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Sustainability is the greatest challenge of our time. No planetary issue is as urgent as this now. Finding a balance between growth and the use of natural resources has become a major concern for many governments and organizations throughout the world.

In 2015, the world’s governments agreed on 17 objectives for achieving sustainable development by 2030. But despite considerable progress in recent years, sustainable transformation confronts new difficulties that jeopardize previous accomplishments and commitments. The pandemic’s repercussions, as well as recent geopolitical events and climate shocks (droughts), have already produced significant changes in core metrics such as poverty reduction, energy prices, and staple foods.

These shifts depict a world that differs from that of 2015, foreshadow the complexity of the next decades, and call for a better and clearer understanding of the meaning and purposes of sustainability not just for scientists and professionals but for all kinds of audiences as we all have to share this value of agreeing on the meaning and purpose of “sustainability” as well as having a common and shared awareness of the difficulties we face is critical to addressing them.

The transition to a more sustainable model requires complex reforms and huge investments, which necessitate strong cooperation across political, economic, and social players. Being “transdisciplinary” is key. Even before the pandemic, international development agencies identified significant impediments, such as a lack of awareness and knowledge of risks and options for becoming more sustainable; a lack of technical and financial capacity to implement reforms; the absence of an adequate regulatory framework; and a lack of social awareness about the importance of this agenda. Now, the current scenario increases the complexity of the transition towards a sustainable development paradigm.

We have the power and creativity to use data and technology to cultivate an understanding of the urgency of the 2030 Agenda. International development agencies and multilateral organizations have worked hard to provide open data in order to better issue identification and resolution. However, new challenges associated with disinformation, lack of access, and digital literacy, severely limit the impact of data and technology in building the critical mass of those who will champion, share and act for “sustainability.”

About The Tangible Data Project

In 2015, at a hackathon held by Social TIC in Mexico, I began imagining how we might make open data more actionable. It was a moment of effervescence, with governments, non-governmental organizations, and international development organizations all embracing the Data Revolution. Many people believed that open data will change our approach to addressing sustainable development concerns by enhancing policymaking.

If open data became the default, more eyes and hands could be dedicated to the work of uncovering trends in data, and issues such as inequality, climate change, and corruption would be addressed differently. Hundreds of datasets were added to open data portals here and there, and yet many people recognized that the majority of the data was not being used or consulted. So I started thinking of other ways we might use this information.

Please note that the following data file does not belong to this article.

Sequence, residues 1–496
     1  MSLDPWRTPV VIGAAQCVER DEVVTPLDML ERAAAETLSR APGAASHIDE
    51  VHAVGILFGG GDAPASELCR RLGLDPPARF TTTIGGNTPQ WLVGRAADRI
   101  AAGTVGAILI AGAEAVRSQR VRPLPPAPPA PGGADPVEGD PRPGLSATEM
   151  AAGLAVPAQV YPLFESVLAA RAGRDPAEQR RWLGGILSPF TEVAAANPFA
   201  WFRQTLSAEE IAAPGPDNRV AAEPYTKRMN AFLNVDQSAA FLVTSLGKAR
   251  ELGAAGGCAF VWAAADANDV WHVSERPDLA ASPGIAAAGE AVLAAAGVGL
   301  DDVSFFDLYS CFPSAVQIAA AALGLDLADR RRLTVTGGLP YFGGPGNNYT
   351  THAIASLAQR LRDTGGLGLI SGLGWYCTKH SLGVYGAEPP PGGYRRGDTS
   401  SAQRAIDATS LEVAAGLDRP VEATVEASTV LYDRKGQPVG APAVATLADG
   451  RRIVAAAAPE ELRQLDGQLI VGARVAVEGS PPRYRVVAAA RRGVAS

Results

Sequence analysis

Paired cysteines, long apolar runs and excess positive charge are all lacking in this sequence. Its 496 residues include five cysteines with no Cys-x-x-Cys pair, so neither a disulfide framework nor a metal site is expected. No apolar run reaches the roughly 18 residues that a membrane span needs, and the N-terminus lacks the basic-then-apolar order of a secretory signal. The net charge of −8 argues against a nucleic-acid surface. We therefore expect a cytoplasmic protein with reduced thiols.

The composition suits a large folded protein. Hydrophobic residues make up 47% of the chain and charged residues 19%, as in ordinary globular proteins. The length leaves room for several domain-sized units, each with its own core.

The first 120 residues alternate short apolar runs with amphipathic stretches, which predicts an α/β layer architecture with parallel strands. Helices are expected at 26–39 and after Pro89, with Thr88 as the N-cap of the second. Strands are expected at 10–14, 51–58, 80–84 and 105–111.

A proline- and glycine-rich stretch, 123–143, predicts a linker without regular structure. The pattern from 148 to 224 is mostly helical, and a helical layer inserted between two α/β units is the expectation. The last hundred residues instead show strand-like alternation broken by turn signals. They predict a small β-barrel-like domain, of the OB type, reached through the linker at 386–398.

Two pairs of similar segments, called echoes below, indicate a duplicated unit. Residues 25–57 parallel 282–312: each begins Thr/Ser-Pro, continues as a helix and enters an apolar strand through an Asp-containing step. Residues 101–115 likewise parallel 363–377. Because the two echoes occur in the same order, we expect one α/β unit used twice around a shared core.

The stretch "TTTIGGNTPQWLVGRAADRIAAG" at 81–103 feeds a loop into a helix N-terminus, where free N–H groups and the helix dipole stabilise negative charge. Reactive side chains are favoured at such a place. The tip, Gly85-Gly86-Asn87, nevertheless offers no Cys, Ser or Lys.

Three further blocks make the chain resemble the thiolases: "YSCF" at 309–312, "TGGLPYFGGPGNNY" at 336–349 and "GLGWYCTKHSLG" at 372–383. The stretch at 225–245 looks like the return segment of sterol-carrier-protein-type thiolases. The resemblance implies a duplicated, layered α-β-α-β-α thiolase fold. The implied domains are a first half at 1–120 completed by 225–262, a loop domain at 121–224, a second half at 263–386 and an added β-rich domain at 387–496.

Hackathons, data expeditions, data dives, and data bootcamps all became commonplace methods of increasing the visibility of accessible data. The data given by the agencies, however, was not necessarily equivalent or interoperable.

I attempted numerous approaches to using this data, and I even developed a course at IE University to educate my students how to utilize it in the manner of Hans Rosling. However, I discovered that digital representations and tools only drew the attention of a minority audience with a high comprehension, willingness, and desire to investigate online information.

My goal has always been the same: to use available data to better understand our environment and influence my decisions and ideas about what needs to be done to improve it.

As a result, I decided to investigate more transactional applications for this data. And I encountered a work of art at Fab Lab DC that just blew my mind. It was a map made of little pieces of wood that portrayed inequity in Washington, DC. When I viewed it on a Saturday morning, I realized I was looking at data as if it were art. I was among friends, and that scenario led me to believe that there were no other distractions. I had no other displays to look at, and the Fab Lab environment was enabling me to focus on the map, the data, and its significance. I’d never forgotten the assignment because it provided me with an unforgettable experience.

I knew I wanted to undertake something related to that project after that encounter. Something that might have a similar effect on others. Something that could be observed without additional distractions in a non-digital setting.

This is how I ended up here. IE University requested me to create three data sculptures addressing sustainability in 2020. Three data sculptures representing the abbreviation “ESG” were included in the show “Making Sustainability Tangible Through Relevant Data.” One sculpture was for the letter “E,” another for the letter “S,” and a third for the letter “G.”

I presented the initiative to numerous partners in 2022 and received a lot of positive response and assistance from the Global Partnership for Sustainable Development Data and the Herbert Quandt BMW Foundation, for which I am thankful.

The plan now is to scale these prototypes and transform them into big-size sculptures that may be presented in prominent locations to attract the attention of a large amounts of people.

Let’s see where data leads us!